AAA 2011 Ambrose O'Brien semi-finals: #2 Regina Pat Habs vs. #3 Philadelphia Sting
The Ambrose O'Brien Divisional Semi-Final Round
Regina Pat Canadians
coach Ron Wilson
Adam Brown - Viktor Polupanov - Earl Robinson
Vinny Prospal - Radek Bonk - Ken Mallen
Dave Reid - Bill Clement - Lucien DeBlois (C)
Pete Horeck - Earl Ingarfield (A) - Darren McCarty
Jim Conacher, Jim Lorentz
Scotty Bowman (A) - Nikolai Makarov
Jimmy Fowler - Evgeny Paladiev
Art Wiebe - Mark Hardy
Bert McCaffrey, Gord Murphy
coach Orval Tessier
Mark Osborne - Mickey Roach - Jeff O'Neill
Eric Daze - Cam Davidson - Brian Mullen
Ken Smith - Dave Hannan - Roxy Beaudro
Scott Pellerin - Shawn Horcoff (A) - Gary Sabourin
Murray Henderson - Tom Kurvers (A)
Alfred Kuchevsky - Joel Quenneville (C)
Norm MacIver - Ron Harris
Stephane Robidas, Tobias Enstrom
Ah christ. I have little to no time to argue, so I'll try to provide some counter-arguments to what seventies posts. We'd like to announce Andy McDonald will be inserted into our lineup in favor of Scott Pellerin at 4th line LW.
I'll start off with a little overview of what I see as real advantages and not just evidence that judgments vary at the AAA level:
- Polupanov over Roach: Roach had one good season in the pre-merger NHL. Anatoli Firsov is considered by most of us to be a top-100 player, and for four years, Polupanov was reasonably close to him offensively, both at the domestic level and internationally.
- Brown over Osborne: I really do like Osborne as a 1st line glue guy, but it appears Brown does everything he does, only better. He even has equally impressive percentage scores despite being a pre-expansion player.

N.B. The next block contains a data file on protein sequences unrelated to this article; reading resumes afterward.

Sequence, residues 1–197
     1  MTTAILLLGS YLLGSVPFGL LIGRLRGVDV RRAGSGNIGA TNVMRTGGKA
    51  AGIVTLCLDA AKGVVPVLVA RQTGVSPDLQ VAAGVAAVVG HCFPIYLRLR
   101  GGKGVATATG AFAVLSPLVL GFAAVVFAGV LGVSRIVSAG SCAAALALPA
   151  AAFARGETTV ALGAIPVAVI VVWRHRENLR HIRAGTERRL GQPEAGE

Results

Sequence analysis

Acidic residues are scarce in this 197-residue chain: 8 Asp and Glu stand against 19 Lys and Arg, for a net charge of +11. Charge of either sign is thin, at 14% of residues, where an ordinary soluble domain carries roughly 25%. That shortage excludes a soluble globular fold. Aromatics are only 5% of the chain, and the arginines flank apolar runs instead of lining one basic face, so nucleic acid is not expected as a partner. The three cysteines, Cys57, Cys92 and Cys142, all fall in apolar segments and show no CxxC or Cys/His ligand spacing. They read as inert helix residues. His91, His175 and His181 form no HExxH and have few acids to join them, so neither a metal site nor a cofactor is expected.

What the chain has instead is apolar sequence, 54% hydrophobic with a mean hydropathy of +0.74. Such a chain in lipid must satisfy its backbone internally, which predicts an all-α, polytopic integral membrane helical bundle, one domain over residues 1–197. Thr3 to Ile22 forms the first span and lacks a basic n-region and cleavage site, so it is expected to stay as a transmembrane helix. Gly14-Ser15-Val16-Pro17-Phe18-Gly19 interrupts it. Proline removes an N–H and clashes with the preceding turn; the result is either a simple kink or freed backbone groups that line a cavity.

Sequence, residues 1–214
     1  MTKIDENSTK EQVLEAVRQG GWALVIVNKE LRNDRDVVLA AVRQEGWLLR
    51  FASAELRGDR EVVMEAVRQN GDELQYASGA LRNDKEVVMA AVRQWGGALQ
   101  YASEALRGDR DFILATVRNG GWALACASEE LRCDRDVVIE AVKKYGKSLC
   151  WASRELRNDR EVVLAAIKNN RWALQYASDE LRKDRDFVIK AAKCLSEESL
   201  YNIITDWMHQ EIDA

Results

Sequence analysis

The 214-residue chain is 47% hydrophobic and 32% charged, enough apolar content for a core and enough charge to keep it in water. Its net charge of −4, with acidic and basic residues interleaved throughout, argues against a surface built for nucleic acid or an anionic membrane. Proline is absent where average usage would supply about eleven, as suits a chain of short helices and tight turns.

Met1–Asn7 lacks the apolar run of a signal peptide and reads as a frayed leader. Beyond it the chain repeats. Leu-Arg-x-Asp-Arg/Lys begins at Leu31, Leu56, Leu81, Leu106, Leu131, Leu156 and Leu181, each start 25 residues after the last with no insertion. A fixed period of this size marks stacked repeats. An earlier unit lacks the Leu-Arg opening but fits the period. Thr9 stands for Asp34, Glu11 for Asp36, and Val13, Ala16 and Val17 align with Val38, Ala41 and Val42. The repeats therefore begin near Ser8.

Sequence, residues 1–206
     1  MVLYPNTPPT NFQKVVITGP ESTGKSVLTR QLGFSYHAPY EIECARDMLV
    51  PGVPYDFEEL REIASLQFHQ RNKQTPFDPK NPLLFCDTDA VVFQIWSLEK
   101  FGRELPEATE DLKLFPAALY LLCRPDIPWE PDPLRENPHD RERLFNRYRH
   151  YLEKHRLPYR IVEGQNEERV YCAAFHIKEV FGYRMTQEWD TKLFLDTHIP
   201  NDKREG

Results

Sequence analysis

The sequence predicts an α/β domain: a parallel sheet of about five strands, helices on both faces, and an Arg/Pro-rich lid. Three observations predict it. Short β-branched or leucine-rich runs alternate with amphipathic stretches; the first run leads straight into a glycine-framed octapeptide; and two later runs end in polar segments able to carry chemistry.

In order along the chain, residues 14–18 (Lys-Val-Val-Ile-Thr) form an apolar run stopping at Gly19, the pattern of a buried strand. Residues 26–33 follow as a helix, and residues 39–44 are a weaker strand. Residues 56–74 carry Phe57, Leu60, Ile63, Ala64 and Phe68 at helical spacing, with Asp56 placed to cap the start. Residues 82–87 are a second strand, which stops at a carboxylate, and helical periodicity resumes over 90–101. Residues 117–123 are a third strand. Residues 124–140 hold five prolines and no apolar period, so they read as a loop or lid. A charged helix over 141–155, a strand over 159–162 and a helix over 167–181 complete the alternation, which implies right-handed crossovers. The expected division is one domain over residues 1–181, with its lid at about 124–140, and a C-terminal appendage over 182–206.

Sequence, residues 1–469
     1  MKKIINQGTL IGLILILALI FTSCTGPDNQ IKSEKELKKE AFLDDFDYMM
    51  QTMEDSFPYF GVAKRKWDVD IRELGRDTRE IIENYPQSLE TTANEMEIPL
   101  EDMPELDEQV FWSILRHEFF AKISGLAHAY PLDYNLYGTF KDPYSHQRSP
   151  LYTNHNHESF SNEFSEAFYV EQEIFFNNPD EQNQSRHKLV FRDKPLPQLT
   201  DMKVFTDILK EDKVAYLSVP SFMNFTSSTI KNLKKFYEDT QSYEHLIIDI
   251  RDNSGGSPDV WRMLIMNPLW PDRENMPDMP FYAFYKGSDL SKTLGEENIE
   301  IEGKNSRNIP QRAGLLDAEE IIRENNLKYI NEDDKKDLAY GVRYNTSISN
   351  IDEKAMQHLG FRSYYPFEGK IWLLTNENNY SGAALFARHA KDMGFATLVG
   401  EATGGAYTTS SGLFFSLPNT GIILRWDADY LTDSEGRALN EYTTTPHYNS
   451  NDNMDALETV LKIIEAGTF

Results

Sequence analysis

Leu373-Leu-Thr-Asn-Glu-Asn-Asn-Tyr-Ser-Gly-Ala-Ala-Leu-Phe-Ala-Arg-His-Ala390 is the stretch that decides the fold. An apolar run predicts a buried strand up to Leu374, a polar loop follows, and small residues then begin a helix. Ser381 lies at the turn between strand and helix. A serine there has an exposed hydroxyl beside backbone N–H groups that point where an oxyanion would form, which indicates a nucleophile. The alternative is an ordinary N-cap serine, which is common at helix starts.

- Prospal over Daze: Yeah, Daze's a good goal scorer, but Prospal put up the same adjusted points per game and has done so in over 50% as many years, right into his late 30s.
- Clement over Hannan: Hannan was pretty good at what he did. But Clement was much better offensively (39% higher adjusted ESPPG) and on the PK (was used 17% more often for PKs that were more successful)
- DeBlois over Beaudro: I don't know what to make of Beaudro, and that's the problem. It looks like he was good defensively, but we know DeBlois was, plus he was a physical, defermined player and a leader. Beaudro's stats in relation to his teammates makes it appear he was inept defensively, while DeBlois was the all-time leading ES scorer when I selected him.
- Horeck over McDonald: I think these two are about even offensively when you look at their percentage scores and account for era. But I question whether McDonald is really a 4th line type of guy. Horeck was built for 4th line duty!
- Bowman over Henderson: I like Henderson a lot and would have selected him if I could have. Both guys' claims to fame is that they earned some token all-star recognition in a couple of seasons. Bowman just received more (12 voting points as opposed to three)